The officers were out at sea in their boat when they spotted the dark object in the water. The shape was splashing around, and seemed to be in some distress. When they got closer, they realized it was a large animal, and it would die without their help.
The sea is home to a great many creatures, but not all of them are flourishing. In fact, some of them are vulnerable animals coming dangerously close to extinction. Pollution and hunting play a part in pushing them ever nearer to their downfall.
Turtles are particularly threatened by pollution because their primary prey is jellyfish. Degraded plastic bags in the ocean look uncannily like jellyfish, and turtles sometimes swallow them as a result. The bags block the turtle’s digestive system, and the consequences can be fatal.
Furthermore, fishing equipment can be dangerous to sea creatures they’re not intended for. One example is crab traps, which are unsurprisingly designed to catch crustaceans. Generally, these cages are left on the sea floor where floatation devices on the attached ropes mark their locations.
However, the cages don’t just catch crabs. If the traps somehow float away or fishermen abandon them, they can snare animals as large as whales. This is especially the case off both coasts of the U.S.A. Even watched traps might accidentally snag unsuspecting marine life.
That’s exactly what happened in Jacksonville, Florida, on February 23, 2016. Two members of the Jacksonville Sheriff’s Office (JSO), Officer Brad Smith and Lieutenant Steve Mullen, were patrolling at sea. JSO stated on its social media that the officers were two miles away from Hanna Park, a 1.5 mile beach in Jacksonville.
At roughly 1:00 p.m. the officers noticed an unusual dark shape out at sea. Whatever it was, the object appeared to be moving, so they sailed over to investigate. When Mullen and Smith got closer, they realized they had stumbled on a struggling prehistoric giant.
The officers had actually spotted a leatherback turtle, a species that traces back to the time of the dinosaurs. Unlike other turtles, which are renowned for their hard carapaces, leatherbacks get their name from their skin-covered shells. This particular one measured about nine feet in length.
The leatherback turtle has been classified as vulnerable by the International Union for Conservation of Nature (IUCN). Furthermore, several areas of the world have their own region-specific data for the leatherback. In some, the turtle populations are so low that they’re critically endangered.
The JSO officers were recording the event, which they described on their YouTube page later that day. “The sea turtle had become entangled in a crab trap,” they wrote. “The trap’s rope was looped around the sea turtle’s neck, and the buoy was still attached to the trap.”
That meant that the turtle was not only snared in the trap, but it couldn’t go underwater either. JSO wrote, “As a result, whenever the turtle tried to dive, the rope tightened around its neck.” By the time the officers reached it, the leatherback was suffering from its struggle.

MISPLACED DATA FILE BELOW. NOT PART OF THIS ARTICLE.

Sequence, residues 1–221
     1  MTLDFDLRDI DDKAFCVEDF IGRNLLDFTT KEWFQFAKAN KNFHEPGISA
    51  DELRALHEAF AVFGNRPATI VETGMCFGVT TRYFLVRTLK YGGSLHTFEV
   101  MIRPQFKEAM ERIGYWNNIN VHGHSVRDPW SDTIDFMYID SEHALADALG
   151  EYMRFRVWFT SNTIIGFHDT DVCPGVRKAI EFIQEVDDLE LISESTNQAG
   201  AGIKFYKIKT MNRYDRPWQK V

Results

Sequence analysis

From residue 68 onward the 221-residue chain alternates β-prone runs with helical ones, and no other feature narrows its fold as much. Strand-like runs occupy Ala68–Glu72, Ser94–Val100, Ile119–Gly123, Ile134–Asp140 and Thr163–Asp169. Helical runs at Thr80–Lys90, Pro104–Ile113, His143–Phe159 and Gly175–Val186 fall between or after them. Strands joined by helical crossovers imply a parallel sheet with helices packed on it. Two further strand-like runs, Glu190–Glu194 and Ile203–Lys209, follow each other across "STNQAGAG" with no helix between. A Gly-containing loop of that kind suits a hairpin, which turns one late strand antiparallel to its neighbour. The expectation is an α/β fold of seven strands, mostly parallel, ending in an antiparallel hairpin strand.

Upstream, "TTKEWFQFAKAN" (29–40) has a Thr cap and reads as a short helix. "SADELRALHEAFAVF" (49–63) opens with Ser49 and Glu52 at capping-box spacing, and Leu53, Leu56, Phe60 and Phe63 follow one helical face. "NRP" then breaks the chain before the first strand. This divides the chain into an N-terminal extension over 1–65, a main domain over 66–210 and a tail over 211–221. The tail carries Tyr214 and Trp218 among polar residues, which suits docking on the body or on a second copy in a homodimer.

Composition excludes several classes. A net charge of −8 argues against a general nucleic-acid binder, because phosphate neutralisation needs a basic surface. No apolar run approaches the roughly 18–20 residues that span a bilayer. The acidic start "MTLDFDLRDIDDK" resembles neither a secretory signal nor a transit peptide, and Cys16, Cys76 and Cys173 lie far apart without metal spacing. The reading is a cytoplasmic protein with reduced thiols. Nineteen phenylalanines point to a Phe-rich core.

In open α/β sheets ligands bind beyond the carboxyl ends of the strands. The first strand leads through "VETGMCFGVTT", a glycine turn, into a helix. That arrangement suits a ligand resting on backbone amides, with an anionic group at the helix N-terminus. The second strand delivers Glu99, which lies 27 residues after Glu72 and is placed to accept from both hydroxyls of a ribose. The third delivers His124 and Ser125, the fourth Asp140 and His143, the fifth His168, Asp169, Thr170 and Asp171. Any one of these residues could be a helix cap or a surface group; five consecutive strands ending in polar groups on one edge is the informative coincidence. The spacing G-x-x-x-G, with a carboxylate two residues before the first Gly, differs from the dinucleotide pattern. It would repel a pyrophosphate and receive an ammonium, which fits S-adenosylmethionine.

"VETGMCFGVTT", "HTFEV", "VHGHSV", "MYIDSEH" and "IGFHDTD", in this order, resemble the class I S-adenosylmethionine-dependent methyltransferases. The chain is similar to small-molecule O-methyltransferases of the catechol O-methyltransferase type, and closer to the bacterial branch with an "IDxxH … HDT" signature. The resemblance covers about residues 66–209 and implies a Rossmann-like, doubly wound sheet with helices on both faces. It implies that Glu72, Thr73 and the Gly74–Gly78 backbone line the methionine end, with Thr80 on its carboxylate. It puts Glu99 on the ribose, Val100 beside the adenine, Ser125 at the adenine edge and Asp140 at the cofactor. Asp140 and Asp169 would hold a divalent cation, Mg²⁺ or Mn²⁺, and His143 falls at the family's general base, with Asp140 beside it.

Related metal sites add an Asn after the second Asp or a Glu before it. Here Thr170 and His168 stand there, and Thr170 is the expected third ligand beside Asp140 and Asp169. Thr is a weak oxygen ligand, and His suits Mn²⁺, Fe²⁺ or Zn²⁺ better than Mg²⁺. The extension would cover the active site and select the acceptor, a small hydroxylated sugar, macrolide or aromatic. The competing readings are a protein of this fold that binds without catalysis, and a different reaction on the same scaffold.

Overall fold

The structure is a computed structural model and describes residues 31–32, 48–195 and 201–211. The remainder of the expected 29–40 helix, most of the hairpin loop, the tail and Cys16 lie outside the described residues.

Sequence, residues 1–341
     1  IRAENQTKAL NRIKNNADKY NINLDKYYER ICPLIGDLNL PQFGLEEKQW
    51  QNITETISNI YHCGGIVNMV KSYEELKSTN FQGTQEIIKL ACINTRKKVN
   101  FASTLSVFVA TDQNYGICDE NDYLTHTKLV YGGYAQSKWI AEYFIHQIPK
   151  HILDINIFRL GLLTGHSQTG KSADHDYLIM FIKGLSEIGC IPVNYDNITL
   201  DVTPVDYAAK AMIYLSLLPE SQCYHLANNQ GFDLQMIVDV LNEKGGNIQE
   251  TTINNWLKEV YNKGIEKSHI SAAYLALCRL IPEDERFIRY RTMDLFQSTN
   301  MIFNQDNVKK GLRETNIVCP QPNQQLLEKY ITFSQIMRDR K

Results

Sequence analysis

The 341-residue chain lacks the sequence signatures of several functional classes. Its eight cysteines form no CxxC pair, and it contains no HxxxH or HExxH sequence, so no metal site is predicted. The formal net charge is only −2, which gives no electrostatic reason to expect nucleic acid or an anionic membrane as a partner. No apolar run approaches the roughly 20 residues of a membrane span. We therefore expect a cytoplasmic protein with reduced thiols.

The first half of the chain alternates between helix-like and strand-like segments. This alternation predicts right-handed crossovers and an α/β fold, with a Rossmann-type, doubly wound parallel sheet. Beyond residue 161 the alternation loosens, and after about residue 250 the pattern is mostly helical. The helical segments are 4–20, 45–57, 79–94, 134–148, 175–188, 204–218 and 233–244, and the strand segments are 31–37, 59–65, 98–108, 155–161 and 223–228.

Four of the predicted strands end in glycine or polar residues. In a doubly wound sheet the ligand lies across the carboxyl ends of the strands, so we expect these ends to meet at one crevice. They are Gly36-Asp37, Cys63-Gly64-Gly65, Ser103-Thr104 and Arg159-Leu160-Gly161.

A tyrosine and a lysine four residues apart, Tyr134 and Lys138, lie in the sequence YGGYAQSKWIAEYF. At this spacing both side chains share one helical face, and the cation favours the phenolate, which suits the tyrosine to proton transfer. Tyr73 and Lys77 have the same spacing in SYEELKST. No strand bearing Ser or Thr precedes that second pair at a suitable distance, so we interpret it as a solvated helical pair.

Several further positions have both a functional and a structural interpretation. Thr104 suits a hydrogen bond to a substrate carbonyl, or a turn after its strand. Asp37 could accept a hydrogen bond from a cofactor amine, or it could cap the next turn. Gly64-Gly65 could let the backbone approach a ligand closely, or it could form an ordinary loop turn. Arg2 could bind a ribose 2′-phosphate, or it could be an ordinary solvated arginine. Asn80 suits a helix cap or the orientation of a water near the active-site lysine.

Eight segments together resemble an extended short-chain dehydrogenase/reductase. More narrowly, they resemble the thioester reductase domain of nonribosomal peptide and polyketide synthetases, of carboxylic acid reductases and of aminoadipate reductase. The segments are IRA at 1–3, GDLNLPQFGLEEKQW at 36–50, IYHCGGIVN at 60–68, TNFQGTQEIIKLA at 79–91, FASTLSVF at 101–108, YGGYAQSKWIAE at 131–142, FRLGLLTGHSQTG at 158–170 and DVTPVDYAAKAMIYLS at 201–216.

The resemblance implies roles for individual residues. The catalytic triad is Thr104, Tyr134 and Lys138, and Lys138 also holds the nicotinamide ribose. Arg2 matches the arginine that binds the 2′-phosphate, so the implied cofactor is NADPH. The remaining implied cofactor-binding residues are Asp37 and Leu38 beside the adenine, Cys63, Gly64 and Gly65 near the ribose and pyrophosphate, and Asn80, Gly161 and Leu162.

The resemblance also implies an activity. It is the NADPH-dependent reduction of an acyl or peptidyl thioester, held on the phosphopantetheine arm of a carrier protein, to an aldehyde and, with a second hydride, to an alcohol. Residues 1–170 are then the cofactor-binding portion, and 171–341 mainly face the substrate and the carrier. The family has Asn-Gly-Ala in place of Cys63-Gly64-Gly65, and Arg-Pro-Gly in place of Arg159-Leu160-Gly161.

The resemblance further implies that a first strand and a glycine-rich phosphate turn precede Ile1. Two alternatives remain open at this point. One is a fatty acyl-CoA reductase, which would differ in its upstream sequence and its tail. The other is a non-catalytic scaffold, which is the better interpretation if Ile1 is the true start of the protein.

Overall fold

One of them points out how exhausted the turtle is in the video. Without their help, it’s unlikely the turtle could free itself, so they decide to intervene. The footage shows Mullen lying on his stomach and reaching out to the leatherback from the boat.
An announcement in the background reveals that the rope is actually tied all the way around the turtle. “We found out that it’s wrapped around his belly, his fins and everything,” the speaker informs. Meanwhile, Mullen inspects the turtle to assess how to free it.
Despite its fatigue, the turtle still makes an effort to free itself. While Mullen holds the yellow buoy, the huge leatherback makes a last-ditch effort to twist in the water. It flails around and its head breaks the surface.
The leatherback is clearly in distress, but Mullen holds onto the rope tightly to prevent it from causing further harm to itself. Then he notices a piece of cord around the turtle’s neck that he can reach. In addition, Mullen has to be careful not to cut the flailing sea creature with his knife.
After some struggling, the lieutenant manages to sever the cord around the leatherback’s throat. Subsequently, it either realizes the human is trying to help, or it’s just too tired to thrash anymore. Either way, its stillness works to Mullen’s advantage.
He locates a second knot in the line tied around the leatherback’s fin. It’s far less challenging to cut this one though, and once it’s gone, the turtle is free. The liberated reptile slaps its fin against the water a single time as if in thanks, before it swims away.
The video has been well-received by animal lovers on social media. It’s not only been shared 21,000 times, but also has nearly two million views on Facebook alone. Grateful JSO followers also left heartwarming messages congratulating the officers on their great work.
One commenter wrote, “Thank you for saving this turtle, and other animals you have saved over the years. Animals are important as well as people, great job!” Another follower said, “I love stories like these, thank you for this positive, inspiring, motivational news, JSO!”
It would seem the officer’s actions have touched people across the world. The video even received comments from as far afield as Germany! Although leatherbacks are a threatened species, it’s good to know there are more out there – thanks to the JSO.